What are you doing right now? I live between Hobart and Madrid. The whole world is my playground and that’s how it’s been for the last seven years really. Obviously this year’s been just totally a disaster for people that are doing keynote speaking. I mean, COVID is what it is. I think life is a rollercoaster, has some downs and ups, and this is just the down that we have to go through before we go back to normality.
Little Lion by Saroo Brierley and Bruce Whatley is available in bookstores now.
Had you written like this before? No. I’d had a little dabble with poetry and in my diaries but that’s not writing a book. That was a totally different experience, and a very different process. I took some advice from a good friend who said, “What are you worried about? You already know the story.” That put me back into the right headspace, I thought, “I know this, I can write it.” And it just poured out of me, from my heart and memories.
In this book, you reveal very personal stories, was that scary? I was in charge of what I wrote down. I could’ve decided to write down half the story. I thought, ‘I’ve made the commitment to do this. I’ve got to do it properly.’ I didn’t particularly enjoy the idea. Through the process, I kept on thinking, ‘Why am I doing this? What will this gain? What will be the outcome?’ In my life, this is the only time I’ve done something that created this vulnerability for me. And I guess only time will tell whether I come to terms with that.
Why did you decide to write this book? The book was Saroo’s idea. Right from the beginning, he asked me if I were to consider doing this. And because the request came from him, I thought, ‘Well, I’ll give it a go.’ There’s no way I would have done it otherwise. He’s got so used to notoriety, whereas my taste of notoriety was around the edges of his. For me, one of the things I hope will come across in the book is freeing up of ideas about becoming a parent. If you choose adoption, that is an acceptable means of becoming a parent. As far as a cross-racial adoption, I think it particularly targets children in need, which is a very important thing for me. But obviously, that is going to be difficult. Most people, they couldn’t even consider it. As a species, we are so conditioned into reproduction by normal terms. I don’t use “normal” in a derogatory sense, but it isn’t perfect for everyone. I think we need to talk about all of those issues a whole lot more, I really do, just for the future of humanity, and our species on the planet. John and I discussed it a lot, between ourselves, that it needed to be a much more open situation, viewed with good things and bad.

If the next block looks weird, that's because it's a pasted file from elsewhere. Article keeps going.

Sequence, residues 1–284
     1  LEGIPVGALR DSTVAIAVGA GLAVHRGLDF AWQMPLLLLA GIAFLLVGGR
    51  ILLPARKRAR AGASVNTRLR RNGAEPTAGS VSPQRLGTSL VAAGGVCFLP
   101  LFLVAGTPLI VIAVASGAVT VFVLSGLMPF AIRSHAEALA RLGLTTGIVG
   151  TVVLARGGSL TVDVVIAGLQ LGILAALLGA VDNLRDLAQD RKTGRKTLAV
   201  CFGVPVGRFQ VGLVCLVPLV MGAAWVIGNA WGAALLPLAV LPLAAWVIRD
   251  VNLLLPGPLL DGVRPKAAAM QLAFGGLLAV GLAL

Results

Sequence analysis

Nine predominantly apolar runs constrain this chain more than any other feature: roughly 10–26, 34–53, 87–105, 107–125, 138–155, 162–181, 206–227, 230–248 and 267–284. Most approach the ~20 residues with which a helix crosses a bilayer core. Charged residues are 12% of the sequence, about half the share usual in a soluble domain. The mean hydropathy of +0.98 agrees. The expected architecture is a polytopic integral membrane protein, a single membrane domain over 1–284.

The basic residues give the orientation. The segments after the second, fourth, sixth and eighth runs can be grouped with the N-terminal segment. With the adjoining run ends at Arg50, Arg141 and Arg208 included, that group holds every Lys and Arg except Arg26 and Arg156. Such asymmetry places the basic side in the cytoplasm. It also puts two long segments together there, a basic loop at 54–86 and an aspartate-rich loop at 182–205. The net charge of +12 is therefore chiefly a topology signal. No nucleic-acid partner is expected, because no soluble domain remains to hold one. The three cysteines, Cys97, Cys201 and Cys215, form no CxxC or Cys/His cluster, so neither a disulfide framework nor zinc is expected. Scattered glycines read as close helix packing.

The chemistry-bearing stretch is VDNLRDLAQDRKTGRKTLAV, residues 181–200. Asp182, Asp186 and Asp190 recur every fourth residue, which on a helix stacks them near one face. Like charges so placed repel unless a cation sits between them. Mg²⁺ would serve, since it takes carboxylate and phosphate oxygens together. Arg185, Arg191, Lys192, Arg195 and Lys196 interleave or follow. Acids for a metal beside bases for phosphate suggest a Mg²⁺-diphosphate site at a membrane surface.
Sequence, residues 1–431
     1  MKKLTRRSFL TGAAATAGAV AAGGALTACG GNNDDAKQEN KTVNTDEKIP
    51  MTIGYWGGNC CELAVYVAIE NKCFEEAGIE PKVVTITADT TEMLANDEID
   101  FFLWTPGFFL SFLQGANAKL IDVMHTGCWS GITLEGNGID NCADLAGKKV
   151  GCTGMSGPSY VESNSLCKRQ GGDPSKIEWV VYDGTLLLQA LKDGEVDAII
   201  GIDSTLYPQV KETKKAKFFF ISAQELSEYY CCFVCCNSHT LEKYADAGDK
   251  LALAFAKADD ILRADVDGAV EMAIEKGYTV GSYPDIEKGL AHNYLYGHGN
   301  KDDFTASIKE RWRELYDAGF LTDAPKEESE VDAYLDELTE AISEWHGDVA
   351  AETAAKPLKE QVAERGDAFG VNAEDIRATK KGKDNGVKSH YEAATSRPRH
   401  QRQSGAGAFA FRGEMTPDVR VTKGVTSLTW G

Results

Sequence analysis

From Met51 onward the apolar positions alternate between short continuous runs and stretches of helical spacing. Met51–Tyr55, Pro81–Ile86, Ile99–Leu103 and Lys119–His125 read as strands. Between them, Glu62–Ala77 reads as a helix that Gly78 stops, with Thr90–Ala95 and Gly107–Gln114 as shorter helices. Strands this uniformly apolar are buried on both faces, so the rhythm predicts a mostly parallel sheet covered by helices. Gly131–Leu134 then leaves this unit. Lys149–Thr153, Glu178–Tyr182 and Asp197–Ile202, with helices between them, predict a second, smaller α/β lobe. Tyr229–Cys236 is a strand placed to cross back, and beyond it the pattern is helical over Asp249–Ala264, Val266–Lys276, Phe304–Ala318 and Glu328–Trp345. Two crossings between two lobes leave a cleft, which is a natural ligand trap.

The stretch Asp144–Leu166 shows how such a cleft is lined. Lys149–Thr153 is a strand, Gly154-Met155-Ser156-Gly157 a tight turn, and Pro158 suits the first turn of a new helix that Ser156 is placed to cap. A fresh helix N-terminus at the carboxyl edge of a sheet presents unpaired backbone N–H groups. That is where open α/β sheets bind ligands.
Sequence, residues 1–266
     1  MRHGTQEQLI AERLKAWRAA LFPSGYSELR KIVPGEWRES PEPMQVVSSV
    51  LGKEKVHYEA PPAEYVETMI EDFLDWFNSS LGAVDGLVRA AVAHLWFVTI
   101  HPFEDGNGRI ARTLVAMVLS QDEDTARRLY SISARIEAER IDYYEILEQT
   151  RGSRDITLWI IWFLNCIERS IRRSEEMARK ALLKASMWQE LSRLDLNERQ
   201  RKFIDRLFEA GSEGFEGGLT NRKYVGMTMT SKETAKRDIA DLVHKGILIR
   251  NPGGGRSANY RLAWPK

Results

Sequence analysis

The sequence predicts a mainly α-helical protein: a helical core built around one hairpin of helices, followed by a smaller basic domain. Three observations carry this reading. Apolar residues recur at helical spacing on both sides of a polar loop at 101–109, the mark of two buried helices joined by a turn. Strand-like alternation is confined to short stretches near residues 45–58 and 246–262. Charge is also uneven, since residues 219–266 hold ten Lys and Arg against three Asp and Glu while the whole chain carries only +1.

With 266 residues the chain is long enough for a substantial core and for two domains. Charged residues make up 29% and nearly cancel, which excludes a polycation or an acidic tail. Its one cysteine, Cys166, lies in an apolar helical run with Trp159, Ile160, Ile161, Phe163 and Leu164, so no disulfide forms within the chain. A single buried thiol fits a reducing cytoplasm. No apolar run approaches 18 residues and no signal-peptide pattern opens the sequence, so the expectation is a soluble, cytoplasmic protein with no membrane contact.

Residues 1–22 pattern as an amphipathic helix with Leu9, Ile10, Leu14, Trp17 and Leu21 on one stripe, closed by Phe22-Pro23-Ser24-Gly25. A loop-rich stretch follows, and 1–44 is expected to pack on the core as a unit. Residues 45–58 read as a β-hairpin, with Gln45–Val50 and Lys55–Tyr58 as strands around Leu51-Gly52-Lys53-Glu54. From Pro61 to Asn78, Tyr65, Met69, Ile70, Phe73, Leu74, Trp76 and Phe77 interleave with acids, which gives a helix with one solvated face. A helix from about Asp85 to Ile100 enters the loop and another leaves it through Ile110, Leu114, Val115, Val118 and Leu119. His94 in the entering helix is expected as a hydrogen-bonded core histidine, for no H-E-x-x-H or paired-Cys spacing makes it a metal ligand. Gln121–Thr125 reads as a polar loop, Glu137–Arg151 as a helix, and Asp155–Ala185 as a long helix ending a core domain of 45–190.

You’ve lived in Tasmania your whole life. What do you love about it? And dislike? I like our isolation, in geographic terms. I like that, until this year, we could explore the world easily if we wished. I like the purity of the place. I’m very mindful of our benefits, living in a place like this. I dislike that we often seem to think we’ve got to become like somewhere else. I don’t like that we’re obsessed with money making. That sort of small thinking. The other thing that I don’t like is that we’re not treating our island with respect in a lot of areas.
If this book was adapted into a film, like Lion, who would you like to play the younger you? I’d really prefer it to be a Tasmanian woman. I’d like someone with the spirit of Greta Thunberg. I don’t think that I fit very easily into any current young actresses at present. They’d have to be a little bit alternate, not mainstream Hollywood-styled actresses. I don’t think that really suits me. Nicole Kidman (who played Sue in Lion) was perfect, because she’s a very raw and natural person in real life. And that’s what I love most about her. So I think it’s going to be a newbie for me, if it happens. And personally, I’m really not keen on the idea!
Lioness by Sue Brierley is also available in bookstores now.